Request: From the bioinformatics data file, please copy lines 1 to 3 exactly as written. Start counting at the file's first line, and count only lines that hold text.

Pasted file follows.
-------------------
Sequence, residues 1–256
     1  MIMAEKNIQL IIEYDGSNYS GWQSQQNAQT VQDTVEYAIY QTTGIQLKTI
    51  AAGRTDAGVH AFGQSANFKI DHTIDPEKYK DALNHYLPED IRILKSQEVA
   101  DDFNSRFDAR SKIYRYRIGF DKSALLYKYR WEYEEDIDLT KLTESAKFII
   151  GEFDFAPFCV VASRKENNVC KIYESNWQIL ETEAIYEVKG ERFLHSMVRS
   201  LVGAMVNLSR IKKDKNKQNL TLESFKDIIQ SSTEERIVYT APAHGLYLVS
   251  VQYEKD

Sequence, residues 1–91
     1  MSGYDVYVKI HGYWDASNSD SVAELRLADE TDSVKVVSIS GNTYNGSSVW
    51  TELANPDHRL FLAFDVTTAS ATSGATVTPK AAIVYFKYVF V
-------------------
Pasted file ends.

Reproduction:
Sequence, residues 1–256
     1  MIMAEKNIQL IIEYDGSNYS GWQSQQNAQT VQDTVEYAIY QTTGIQLKTI
    51  AAGRTDAGVH AFGQSANFKI DHTIDPEKYK DALNHYLPED IRILKSQEVA